Renowned flautist T.R. Mahalingam alias Mali had once wanted a member of the audience at the Music Academy removed from the hall before the concert could begin.
The member is said to have put up a stiff resistance, but Mali stuck to his guns and refused to perform unless he had his way. Thereafter, the audience prevailed upon the person to leave; that person was none other than Mali’s father Ramaswami Iyer.
On another occasion, Natarajan, the late secretary of the Music Academy barged into the lodge where Mali was staying and demanded to know why he had even agreed to perform initially if he was cancelling the concert at the eleventh hour.
“How can I cancel a programme without first agreeing to perform,” quipped Mali.
Mali comes across to his audiences in many ways — weird, mercurial, erratic and humorous.
According to historian V. Sriram, the darker side of the child-prodigy and genius could be attributed to an over-ambitious father, who deprived him of his childhood and converted him into a “meal ticket” for the family of 13 members. He could not study beyond the second standard.
Of a weak disposition, Mali was considered unfit to play the wind instrument, which demands great stamina, and, despite showing early signs of genius, he was scorned by doyens such as Palladam Sanjeeva Rao and T.L. Sabesa Iyer, who advised him to learn the nagaswaram.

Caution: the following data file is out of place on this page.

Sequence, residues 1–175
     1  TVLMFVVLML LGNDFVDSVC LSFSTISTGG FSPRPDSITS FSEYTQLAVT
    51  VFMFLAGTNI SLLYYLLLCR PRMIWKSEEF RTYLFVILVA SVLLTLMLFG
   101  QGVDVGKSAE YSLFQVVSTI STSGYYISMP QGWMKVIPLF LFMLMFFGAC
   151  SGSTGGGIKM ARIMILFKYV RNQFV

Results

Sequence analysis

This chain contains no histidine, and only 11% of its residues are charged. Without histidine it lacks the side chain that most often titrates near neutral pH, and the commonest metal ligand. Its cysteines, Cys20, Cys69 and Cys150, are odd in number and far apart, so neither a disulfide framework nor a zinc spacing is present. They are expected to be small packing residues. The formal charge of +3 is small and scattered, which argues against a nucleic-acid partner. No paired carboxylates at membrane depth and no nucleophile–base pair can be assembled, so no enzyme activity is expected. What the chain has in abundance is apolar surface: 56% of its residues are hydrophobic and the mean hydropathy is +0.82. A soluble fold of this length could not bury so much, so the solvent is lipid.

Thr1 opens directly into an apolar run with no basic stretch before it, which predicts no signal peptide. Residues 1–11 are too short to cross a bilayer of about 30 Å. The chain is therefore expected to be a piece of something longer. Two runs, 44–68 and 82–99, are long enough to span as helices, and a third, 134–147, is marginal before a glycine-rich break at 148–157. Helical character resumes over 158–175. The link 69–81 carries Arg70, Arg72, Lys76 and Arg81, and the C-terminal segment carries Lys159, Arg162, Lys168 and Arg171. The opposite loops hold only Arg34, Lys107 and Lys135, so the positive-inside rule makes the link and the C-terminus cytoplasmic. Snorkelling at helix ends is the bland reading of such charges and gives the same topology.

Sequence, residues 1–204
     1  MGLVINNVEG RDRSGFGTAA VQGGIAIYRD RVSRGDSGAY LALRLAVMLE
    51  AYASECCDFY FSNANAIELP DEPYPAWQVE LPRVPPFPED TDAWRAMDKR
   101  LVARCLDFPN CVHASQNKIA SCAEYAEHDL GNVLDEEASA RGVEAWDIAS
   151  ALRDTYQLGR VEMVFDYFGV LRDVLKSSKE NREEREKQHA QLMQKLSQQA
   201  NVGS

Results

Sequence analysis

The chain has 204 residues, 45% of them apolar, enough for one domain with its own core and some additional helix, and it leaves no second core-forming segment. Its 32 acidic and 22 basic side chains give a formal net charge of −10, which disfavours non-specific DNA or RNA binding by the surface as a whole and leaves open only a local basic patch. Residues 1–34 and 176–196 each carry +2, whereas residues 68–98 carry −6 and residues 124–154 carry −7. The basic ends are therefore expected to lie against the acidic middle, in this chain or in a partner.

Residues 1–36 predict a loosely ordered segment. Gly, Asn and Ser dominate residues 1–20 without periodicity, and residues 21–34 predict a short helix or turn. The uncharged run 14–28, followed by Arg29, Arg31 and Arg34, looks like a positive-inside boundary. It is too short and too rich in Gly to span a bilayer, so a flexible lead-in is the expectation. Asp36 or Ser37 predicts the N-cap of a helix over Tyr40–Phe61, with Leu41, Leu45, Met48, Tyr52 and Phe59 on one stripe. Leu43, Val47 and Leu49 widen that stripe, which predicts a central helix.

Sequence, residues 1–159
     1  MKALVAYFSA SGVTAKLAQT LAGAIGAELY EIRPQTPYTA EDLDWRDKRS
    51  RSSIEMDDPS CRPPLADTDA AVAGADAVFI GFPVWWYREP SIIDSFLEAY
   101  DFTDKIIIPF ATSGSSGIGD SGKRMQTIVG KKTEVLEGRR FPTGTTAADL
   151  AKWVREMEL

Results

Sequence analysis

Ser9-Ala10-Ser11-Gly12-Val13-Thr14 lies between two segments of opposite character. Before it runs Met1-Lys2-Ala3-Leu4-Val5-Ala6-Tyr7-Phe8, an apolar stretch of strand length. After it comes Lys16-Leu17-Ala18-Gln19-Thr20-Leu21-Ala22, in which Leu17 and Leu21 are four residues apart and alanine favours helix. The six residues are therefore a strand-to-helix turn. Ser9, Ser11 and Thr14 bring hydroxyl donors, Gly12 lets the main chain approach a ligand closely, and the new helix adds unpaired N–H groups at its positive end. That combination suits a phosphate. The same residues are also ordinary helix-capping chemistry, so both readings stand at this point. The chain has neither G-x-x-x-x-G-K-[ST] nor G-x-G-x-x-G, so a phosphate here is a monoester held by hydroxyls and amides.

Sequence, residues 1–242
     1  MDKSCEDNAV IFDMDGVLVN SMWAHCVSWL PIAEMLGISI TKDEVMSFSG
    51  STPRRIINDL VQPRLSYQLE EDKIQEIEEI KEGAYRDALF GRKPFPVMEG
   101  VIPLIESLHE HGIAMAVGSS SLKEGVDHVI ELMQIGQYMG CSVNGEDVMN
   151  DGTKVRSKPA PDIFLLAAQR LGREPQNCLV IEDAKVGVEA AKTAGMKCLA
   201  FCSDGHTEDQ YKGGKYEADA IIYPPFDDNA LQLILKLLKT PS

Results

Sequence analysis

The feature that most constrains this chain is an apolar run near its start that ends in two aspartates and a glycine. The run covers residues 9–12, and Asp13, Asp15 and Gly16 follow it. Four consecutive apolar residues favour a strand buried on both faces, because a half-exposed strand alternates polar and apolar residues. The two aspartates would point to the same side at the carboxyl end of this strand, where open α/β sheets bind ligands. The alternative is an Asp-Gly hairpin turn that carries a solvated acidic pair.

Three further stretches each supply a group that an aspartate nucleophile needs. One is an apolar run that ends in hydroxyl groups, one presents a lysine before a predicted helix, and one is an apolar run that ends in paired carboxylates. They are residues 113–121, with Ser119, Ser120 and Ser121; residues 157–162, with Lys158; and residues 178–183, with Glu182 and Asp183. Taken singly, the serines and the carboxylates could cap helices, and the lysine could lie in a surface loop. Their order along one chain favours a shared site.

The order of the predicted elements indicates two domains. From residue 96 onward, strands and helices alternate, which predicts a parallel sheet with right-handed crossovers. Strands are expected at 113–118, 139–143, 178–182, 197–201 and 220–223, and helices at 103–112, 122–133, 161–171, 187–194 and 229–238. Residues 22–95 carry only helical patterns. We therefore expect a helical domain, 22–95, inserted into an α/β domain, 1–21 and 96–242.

“In fact, there was very little humour in his life… he was a tortured genius,” Sriram said in his lecture at the TAG centre.
Mali’s family shifted to Chennai when he was seven and he was introduced to the people of the city as a larger-than-life exponent. Of course, he lived up to the titles, before floundering.
At a concert in Chennai, Musiri Subramania Iyer and Parur Sundaram Iyer left after listening to him for some time and returned with a shawl for him.
Sriram said Mali lived a tormented life, what with a thwarted love and the death of his sister, from whom he learnt a lot. “I have a thousand arrows shooting in my head,” was how he would describe his condition.
Mali lived in many places in Chennai and even after his stint in the U.S., he returned to India and spent his last days here.
He was a cricket fanatic and even had his own team, “Mali Eleven”, among residents of Nungambakkam. A fast bowler to begin with, he later become the team’s opening batsman.
While he had problems with big organisations such as the Music Academy and R.R. Sabha, he maintained a great rapport with small organisations in Ayanavaram and Perambur. There was a great understanding between him and Yagnaraman of Sri Krishna Gana Sabha, where he gave his last concert.
“He would go to these sabha-s and offer to play. He was so punctual that Visalakshi Ammal, who organsied the Kasi Viswanatha Swami temple festival in Ayanavaram, could not believe that Mali would cancel performances elsewhere,” Sriram said.
Despite all his eccentricities, Mali was careful when it came to money.
“He was not a spendthrift and was able to buy an estate of 20 acres near Bangalore and shifted there when the Rajaji-led government imposed Prohibition.” If music was his profession, horse-racing was his passion. “If the horse he bet on lost, he would console himself by saying the kala pramana of the horse was not perfect.”